Australian Music Plaques
Australian music plaques are few and far between. Yet, Lygon Street in Melbourne would the place for a plaque for Shirley Strachan, who made certain parts of Melbourne his own, thanks to classic Skyhooks songs.
A Plaque For Countdown?
For a small industry, Australian music has achieved big things across the world. It has also lost a lot of people along the way. Countdown alone, situated at the old ABC Studios in Ripponlea, might deserve the biggest plaque of all – so long is the roll-call of names. Doc Neeson is just one of them.
Unforgettable Names in Australian Music
This is just a small selection of the Australian musicians who you might think deserve a plaque. Even if, like Grant McLennan, they already have a bridge.
Doc Neeson and Chris Bailey, The Angels
Greg Ham, Men at Work
Michael Hutchence, Max Q, INXS
Chrissy Amphlett, Divinyls
Guy McDonough and Brad Robinson, Australian Crawl
James Freud, The Models
Steve Gilpin, Mi-Sex
Harvey James and Clive Shakespeare, Sherbet
Dallas Royall, Peter Wells, Ian Rilen, Mick Cocks
Lobby Loyde, Neil Smith, Rose Tattoo
Ted Mulry, The Ted Mulry Gang
Neil Storey, Paul Hewson and Marc Hunter, Dragon
Grant McLennan, The Go-Betweens
Tracey Pew, The Birthday Party
Australian Music Plaques – one for Tracey Pew? (Pictured)
Powderfinger are part of the Walk of Fame in Brisbane. Little Pattie and other surf icons are celebrated in the streets of Kings Cross outside a lost venue. Cold Chisel are also remembered in Kings Cross outside Sweethearts, which Don Walker made his own in the 1970s.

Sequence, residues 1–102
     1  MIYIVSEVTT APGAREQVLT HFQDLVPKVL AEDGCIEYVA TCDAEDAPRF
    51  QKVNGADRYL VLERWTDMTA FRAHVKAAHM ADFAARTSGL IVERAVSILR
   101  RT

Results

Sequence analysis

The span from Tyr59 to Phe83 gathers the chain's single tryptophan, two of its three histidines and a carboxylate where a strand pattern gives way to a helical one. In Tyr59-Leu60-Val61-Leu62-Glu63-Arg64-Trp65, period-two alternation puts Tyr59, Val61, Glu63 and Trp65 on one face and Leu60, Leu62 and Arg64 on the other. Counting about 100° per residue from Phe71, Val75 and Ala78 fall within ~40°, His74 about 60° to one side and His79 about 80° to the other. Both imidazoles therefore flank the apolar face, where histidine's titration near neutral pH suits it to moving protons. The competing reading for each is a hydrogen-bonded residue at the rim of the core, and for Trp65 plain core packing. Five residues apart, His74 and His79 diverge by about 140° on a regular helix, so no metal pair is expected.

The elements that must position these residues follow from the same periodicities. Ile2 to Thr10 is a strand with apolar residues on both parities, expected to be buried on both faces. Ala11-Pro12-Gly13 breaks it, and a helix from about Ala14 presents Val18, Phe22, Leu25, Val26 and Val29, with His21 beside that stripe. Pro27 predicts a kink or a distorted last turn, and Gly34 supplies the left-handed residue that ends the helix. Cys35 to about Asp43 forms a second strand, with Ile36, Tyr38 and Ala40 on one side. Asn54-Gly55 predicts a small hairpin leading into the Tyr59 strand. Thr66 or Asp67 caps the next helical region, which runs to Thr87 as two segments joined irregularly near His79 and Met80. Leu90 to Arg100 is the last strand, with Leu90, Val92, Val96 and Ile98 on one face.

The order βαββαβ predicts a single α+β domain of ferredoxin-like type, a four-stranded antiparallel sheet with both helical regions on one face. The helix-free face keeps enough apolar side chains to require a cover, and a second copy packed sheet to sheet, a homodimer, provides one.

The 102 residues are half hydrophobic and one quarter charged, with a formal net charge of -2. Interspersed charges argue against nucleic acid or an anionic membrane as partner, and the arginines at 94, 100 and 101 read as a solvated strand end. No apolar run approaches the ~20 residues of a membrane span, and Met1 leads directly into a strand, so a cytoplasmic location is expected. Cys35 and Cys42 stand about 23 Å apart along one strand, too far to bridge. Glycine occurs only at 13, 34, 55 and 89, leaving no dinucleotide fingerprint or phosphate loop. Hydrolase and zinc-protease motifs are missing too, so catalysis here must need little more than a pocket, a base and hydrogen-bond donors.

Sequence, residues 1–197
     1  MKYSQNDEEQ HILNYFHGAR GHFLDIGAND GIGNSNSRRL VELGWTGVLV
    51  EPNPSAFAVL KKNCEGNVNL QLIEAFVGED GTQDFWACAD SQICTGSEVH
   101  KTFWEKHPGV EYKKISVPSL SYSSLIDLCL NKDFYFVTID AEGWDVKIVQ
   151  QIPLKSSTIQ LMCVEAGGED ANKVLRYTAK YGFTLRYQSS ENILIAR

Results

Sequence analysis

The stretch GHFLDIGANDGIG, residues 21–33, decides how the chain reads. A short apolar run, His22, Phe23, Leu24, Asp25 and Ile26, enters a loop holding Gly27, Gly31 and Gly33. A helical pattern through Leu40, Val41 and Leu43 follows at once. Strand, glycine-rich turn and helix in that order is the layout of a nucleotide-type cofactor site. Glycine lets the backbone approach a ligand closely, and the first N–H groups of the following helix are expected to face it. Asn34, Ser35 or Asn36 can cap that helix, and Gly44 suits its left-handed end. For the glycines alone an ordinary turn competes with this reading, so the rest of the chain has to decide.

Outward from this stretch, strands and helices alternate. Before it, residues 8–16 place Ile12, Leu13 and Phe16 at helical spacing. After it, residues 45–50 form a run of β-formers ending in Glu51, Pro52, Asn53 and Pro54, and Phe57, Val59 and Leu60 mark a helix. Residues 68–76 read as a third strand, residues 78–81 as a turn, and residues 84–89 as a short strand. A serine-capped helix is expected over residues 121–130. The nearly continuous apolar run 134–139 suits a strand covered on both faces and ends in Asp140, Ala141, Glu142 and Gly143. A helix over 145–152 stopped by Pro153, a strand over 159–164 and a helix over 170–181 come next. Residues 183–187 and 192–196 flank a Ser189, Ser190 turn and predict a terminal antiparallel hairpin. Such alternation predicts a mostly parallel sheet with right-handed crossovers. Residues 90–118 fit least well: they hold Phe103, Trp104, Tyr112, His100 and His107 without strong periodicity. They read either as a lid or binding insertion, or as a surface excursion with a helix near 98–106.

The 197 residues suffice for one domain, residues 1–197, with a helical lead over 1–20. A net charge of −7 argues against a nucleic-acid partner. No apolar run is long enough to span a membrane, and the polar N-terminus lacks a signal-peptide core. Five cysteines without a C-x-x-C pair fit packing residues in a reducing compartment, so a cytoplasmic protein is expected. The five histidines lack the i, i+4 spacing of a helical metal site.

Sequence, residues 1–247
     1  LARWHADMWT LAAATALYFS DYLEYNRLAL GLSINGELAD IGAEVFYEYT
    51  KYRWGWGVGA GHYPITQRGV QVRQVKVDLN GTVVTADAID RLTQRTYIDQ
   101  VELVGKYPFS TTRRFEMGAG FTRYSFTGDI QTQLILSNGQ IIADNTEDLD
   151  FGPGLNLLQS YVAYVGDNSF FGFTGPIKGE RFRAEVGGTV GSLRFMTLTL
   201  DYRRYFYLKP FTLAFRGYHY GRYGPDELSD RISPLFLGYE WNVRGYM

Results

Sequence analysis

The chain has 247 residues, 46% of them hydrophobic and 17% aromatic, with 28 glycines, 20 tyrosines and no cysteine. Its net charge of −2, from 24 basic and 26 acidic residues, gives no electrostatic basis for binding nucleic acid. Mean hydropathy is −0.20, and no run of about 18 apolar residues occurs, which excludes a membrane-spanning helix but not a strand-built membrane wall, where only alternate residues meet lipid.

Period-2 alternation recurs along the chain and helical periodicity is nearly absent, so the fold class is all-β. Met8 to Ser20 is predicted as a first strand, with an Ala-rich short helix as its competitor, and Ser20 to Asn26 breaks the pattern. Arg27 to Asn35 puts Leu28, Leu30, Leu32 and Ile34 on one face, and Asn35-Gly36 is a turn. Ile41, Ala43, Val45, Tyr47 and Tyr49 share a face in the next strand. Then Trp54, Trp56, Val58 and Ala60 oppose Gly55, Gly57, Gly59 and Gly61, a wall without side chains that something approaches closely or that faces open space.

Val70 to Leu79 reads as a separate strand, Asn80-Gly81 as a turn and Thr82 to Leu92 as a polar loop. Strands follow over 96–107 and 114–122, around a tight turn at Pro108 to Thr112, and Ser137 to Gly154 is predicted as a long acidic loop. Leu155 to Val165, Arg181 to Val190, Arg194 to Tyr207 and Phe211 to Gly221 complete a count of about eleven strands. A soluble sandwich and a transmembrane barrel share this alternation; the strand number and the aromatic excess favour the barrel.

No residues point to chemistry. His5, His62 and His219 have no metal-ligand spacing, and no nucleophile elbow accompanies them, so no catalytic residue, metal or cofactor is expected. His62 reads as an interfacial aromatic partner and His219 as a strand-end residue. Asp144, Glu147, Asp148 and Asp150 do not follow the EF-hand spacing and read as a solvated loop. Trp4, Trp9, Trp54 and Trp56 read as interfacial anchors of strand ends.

Little Pattie Kings Cross
Beatles Plaques? Remembering the Australian Tour
The Beatles slept here. This Australian Women’s Weekly magazine article from 1964 celebrates the group’s stay at The Southern Cross Hotel. Worthy of a plaque? Or should it be outside Melbourne Town Hall, where the band once stopped traffic on Swanston Street? This is the piano Paul McCartney played on, below.
Elvis Costello Was Here – at Flinders Street Station
Should Flinders Street Station, Melbourne receive a plaque for Elvis Costello, as the site for his famous video, I Wanna Be Loved? Or is it more appropriate that a digital plaque be created for Painters and Dockers, who commemorated the place in the classic song, The Boy Who Lost His Jocks on Flinders Street Station?
Mulry to Saddington – Gone, Not Forgotten
Let us know on Twitter who deserves a plaque in a place they called their own. Ted Mulry? Wendy Saddington?